May 7, 2003 | By: Laura Skillman

For anyone with a craving for garden fresh tomatoes but no garden, containers can be a perfect solution.

Container gardening can provide anyone with only a small space the opportunity to enjoy fresh produce throughout the growing season. All it takes is a location with four to six hours of sun, a container, soil, seed or transplants, some fertilizer and water.

“Pretty much any container will work as long as it has drainage holes in it,” said Rick Durham, University of Kentucky Cooperative Extension Service consumer horticulture specialist.

If you’re building your own container, stay away from treated wood. Redwood or cedar naturally resist decay and are a good choice for container construction.

This time of year, container gardeners may already be harvesting leaf lettuce and radishes. Tomatoes are good because a number of fruit can be produced in a small area. Cucumbers also lead themselves to containers when the vines are supported by a trellis or fence. Many vegetables produce quite well in containers. However, something like sweet corn would not be well suited for such confined space.

There are several tips that can help a person be a successful container gardener. Don’t use garden soil in the containers because it can become compacted and lose its ability to drain. Peat or bark-based commercial potting soil is better suited for container use since it usually is well-drained and resists compaction.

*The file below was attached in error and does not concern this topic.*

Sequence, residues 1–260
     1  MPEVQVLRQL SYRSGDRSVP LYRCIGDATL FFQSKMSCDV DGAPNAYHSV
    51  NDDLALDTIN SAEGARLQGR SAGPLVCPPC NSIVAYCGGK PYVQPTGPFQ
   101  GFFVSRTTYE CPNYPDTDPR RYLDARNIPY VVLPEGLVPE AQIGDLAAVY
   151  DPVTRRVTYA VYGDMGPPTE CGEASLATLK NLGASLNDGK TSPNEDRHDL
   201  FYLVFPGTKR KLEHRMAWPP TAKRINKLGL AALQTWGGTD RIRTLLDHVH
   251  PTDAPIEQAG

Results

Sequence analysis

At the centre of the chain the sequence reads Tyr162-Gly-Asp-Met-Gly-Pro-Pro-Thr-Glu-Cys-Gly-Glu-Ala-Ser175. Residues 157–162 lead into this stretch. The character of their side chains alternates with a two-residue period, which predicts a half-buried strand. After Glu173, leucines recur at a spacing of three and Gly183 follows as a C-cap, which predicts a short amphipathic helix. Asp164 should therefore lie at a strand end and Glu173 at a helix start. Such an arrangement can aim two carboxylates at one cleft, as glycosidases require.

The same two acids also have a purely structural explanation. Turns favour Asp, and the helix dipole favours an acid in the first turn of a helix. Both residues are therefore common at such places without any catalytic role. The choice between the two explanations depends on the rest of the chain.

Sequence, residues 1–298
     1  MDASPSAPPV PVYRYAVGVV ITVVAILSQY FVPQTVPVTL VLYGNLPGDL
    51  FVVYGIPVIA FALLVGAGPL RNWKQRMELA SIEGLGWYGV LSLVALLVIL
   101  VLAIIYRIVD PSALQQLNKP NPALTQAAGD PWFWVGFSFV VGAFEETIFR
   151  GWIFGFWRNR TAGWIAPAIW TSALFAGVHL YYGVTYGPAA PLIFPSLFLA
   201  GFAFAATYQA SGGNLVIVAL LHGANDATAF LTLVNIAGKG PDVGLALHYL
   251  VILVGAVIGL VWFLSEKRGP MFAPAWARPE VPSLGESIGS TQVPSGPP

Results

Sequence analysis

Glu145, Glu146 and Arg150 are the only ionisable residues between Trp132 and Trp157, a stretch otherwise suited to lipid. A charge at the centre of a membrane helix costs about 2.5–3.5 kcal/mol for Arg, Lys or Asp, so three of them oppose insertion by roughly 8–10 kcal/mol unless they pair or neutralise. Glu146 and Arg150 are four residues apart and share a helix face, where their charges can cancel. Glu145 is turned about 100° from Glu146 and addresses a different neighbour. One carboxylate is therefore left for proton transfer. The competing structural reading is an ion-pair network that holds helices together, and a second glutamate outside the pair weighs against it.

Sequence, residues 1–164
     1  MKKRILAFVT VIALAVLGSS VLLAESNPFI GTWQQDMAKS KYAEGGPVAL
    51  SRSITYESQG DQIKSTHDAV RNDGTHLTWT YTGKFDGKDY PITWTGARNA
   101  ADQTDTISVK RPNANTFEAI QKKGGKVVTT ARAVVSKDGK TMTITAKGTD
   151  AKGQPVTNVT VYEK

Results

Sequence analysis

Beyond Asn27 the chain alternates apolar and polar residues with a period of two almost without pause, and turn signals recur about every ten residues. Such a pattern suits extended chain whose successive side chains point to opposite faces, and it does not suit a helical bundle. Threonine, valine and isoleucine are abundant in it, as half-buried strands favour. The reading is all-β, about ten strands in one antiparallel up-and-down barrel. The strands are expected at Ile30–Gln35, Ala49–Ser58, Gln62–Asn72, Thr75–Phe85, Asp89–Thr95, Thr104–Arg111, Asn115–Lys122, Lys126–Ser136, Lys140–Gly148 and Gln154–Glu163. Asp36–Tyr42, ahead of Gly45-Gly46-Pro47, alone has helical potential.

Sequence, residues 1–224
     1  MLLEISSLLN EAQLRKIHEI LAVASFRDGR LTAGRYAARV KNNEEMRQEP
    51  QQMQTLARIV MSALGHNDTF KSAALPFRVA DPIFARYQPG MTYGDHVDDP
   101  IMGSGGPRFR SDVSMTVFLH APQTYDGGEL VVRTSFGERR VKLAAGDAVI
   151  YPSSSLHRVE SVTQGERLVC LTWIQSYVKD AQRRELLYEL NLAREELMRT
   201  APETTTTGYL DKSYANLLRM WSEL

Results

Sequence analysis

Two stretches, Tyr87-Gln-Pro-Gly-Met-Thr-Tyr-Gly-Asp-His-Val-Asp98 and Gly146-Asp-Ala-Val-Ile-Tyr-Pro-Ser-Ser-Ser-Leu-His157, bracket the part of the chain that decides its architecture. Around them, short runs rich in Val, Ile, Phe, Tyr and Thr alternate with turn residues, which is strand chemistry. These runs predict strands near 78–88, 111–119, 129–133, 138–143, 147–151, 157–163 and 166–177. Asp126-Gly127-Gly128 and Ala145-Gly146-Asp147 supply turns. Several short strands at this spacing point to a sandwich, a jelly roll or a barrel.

Adequate drainage is needed. If the container has a flat bottom, it may need to be elevated to provide better drainage.

Containers will dry out rapidly, so in the heat of summer they should be checked at least once a day and watered as needed. To determine if water is needed, stick a finger into the soil to the first or second knuckle and if it is dry it needs water.

Use either a slow-release fertilizer or water-soluble fertilizer. Since fertilizer concentrations vary between manufacturers, follow label directions when applying them.

Container gardening is growing in popularity.

“As yards sizes are decreasing, people find that they don’t have enough space in their yard for a garden but they may have space on a patio for a half barrel or a large pot,” Durham said. “Of course, for people in apartments or town homes, this gives them the ability to have a little gardening space.

“In terms of vegetable gardening, we think about three seasons spring, summer and fall,” he said. “So you can really think about those same three seasons in container gardening. In late March or early April, you could plant lettuce, then in the middle of May come in with tomatoes or peppers – warm season vegetables. In early September come in with another round of cool season vegetables like lettuce, kale or spinach – those types of crops.”

Herbs and flowers also are popular for container gardening.

UK Department of Horticulture publication ID-128 Home Vegetable Gardening in Kentucky has information on container gardening as well as recommended varieties for use in containers. Recommendations regarding plants for container flower gardens are available in publication HO-65.  For a copy of these publications contact a county Extension office or visit the web site at and type in the publication number in the search box on the left.


Rick Durham, 859-257-3249